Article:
Good exercise habits hard to start, maintain

I’m usually an active person, but I completely slacked off in August. I think I got lazy; it was hot and humid. I succumbed to inertia, which can be a powerful force and difficult to resist once you’re there in the doldrums.

Then in September, I had a cough that would not go away, so then I had an excuse for my inactivity. When I got winded taking what would usually be just a short walk for me, a jaunt to the library, I knew something had to change.

Around this time I got a free yoga class for my birthday from the studio I sometimes attend. Several months back I used to clean there in exchange for classes. I had seven free classes available to me that I just couldn’t seem to get to, but since they don’t expire I just hadn’t made it a priority.

But the birthday class had to be used within a day on either side of my birthday. I can’t possibly let something free go to waste, so I was determined to attend. You wouldn’t think that a three-day window with a variety of class times at a studio that I can almost see from my window would be a challenge. But it is remarkable the psychological barriers we put up when we don’t have regular habits in place.

There are many reasons I have enjoyed going to this yoga studio. It’s close by, it doesn’t have loud music or TVs like at a gym and it tends to focus on the exercise aspect of yoga, rather than the spiritual or philosophical elements (some of the studios in Bloomington can get a bit out there).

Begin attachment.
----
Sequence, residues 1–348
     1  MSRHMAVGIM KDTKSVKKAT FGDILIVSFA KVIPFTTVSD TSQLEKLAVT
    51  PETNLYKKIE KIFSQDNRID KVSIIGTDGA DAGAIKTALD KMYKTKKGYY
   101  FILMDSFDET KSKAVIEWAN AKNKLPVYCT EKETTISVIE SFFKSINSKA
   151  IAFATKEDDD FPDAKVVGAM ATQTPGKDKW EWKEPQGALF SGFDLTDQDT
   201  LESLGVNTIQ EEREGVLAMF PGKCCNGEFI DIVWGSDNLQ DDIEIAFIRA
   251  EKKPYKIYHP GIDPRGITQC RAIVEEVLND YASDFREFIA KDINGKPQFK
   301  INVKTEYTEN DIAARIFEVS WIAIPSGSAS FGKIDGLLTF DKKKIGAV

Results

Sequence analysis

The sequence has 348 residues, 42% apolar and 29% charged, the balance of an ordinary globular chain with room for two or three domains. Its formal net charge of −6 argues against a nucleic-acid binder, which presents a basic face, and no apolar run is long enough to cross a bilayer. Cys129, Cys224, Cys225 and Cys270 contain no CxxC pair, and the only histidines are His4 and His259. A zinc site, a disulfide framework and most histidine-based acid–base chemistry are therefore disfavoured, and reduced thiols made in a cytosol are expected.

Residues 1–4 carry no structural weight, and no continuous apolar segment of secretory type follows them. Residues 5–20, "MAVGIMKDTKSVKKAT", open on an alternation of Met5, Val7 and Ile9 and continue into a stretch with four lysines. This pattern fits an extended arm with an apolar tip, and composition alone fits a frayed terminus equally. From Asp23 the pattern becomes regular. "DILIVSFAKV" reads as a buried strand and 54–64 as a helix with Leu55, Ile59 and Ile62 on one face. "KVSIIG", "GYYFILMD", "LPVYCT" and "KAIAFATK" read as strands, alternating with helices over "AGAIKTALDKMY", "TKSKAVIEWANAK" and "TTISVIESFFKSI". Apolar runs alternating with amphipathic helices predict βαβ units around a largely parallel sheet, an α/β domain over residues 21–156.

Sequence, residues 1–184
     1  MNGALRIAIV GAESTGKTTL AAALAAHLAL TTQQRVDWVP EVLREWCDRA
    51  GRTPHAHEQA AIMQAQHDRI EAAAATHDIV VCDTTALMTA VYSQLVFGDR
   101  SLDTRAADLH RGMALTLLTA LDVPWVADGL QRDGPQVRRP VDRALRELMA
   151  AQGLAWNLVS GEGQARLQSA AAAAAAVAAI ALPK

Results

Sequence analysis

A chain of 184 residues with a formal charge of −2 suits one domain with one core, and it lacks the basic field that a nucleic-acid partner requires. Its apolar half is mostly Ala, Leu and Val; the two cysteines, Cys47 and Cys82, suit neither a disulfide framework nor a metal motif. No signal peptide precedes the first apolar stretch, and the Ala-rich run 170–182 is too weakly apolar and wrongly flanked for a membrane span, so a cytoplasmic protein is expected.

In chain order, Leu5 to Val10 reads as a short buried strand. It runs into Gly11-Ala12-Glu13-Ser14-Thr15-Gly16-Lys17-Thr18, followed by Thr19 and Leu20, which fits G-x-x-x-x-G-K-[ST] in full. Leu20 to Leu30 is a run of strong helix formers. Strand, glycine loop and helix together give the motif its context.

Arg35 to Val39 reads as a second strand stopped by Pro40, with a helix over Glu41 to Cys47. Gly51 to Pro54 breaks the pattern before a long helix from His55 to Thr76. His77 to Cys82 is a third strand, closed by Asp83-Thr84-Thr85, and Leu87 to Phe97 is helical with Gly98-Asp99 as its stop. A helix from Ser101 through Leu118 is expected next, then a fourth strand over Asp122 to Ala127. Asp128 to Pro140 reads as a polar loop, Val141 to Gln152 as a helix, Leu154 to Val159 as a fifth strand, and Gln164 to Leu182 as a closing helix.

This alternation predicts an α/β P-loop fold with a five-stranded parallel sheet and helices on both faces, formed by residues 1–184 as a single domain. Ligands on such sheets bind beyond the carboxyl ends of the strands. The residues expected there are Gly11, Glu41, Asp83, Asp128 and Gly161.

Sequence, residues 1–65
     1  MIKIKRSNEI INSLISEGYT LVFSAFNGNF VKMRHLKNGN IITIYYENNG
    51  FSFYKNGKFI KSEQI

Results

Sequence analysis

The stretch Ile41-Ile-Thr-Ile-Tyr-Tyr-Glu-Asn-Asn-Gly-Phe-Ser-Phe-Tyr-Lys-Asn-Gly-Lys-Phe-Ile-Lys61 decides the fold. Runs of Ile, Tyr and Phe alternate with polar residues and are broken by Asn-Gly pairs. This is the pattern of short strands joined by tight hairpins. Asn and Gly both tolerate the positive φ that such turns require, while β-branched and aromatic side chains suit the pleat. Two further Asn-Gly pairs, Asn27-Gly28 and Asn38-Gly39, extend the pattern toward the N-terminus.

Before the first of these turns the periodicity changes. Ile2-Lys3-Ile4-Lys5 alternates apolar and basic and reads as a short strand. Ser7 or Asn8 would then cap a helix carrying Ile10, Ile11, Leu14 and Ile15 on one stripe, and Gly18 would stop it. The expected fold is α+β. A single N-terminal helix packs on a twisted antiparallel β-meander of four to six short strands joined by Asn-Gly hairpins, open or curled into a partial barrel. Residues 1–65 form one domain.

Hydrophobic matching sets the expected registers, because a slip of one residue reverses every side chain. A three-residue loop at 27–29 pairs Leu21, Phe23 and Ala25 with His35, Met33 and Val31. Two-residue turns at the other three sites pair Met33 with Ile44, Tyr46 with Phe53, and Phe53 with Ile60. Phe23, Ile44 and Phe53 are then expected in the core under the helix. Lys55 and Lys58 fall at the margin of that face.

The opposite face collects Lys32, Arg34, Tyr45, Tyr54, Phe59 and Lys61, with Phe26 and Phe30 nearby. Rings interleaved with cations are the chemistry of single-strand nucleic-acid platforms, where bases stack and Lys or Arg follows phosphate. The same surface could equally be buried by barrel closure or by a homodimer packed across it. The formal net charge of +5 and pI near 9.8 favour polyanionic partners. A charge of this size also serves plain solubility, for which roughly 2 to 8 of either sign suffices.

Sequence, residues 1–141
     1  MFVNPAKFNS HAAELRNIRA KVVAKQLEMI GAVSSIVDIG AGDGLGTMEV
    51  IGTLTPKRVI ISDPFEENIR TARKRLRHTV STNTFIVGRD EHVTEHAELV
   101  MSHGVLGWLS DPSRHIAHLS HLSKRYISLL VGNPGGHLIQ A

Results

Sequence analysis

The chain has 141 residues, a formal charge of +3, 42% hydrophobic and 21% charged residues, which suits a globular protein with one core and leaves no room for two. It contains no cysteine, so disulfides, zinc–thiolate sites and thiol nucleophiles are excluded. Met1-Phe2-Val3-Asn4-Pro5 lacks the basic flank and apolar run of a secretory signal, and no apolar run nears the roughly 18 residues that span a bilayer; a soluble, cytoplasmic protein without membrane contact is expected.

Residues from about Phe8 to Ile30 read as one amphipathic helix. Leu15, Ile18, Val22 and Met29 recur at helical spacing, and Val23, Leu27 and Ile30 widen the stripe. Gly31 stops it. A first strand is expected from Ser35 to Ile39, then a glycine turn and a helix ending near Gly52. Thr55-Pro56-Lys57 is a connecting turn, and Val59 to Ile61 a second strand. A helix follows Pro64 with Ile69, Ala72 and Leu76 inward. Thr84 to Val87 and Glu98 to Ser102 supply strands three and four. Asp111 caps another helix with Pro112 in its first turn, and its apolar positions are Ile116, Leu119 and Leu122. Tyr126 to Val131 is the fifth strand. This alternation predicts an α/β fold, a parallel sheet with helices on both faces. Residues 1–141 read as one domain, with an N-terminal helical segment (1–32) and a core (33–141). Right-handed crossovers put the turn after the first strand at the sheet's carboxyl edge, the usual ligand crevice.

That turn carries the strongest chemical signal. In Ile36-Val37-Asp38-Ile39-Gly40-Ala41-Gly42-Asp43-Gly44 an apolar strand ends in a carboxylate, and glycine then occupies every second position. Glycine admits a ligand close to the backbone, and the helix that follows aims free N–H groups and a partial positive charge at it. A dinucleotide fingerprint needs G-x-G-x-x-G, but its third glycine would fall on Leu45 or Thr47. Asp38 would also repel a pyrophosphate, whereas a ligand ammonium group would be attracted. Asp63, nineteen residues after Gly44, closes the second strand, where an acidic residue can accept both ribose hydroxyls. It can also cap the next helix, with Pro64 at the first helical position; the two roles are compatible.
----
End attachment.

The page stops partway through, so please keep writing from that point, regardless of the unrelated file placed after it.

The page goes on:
Most of all, they have hot classes — like around 95 degrees. I feel it helps me to limber up, which aids in stretching, and I sweat a lot which, makes me feel like I’ve really done something, even before the class starts. I realize this wouldn’t be everybody’s cup of tea to come out of class with a slimy mat, but it works for me. Besides, I get to go barefoot, which I consider an added bonus.

Due to the emphasis on physical fitness, most of the people in the hot classes are young athletic types. I have never seen so many small women in one place — not just thin, but tiny all over. I’m concerned that one day I’ll go in there and there will be a sign with a cartoon character pronouncing “If you’re taller then me then you’re too tall for this ride.”

Then there was the point early on in my relationship with this studio when it dawned on me that my leggings were quite possibly older than many of the students. (I suppose this does speak well of the craftsmanship of mid-90s clothing).

So, I knew that first class back would be painful on several different levels. But getting through that ordeal opened the gateway for me to start using those free classes. I’m happy to report that it got just a little bit less difficult each time.

And that’s my point. When you first begin a new venture, it may well be awful — starting a new exercise plan, learning to paint, going through boxes in the basement. You need to accept that you might not be any good at it, and probably can’t do it all, and that’s OK. But it’s keeping at it that enables you to make progress toward that goal. And once you get going, you may decide it isn’t as bad as you thought.

Stephanie Haines of Bloomington is a Greenfield native. She can be reached through her website,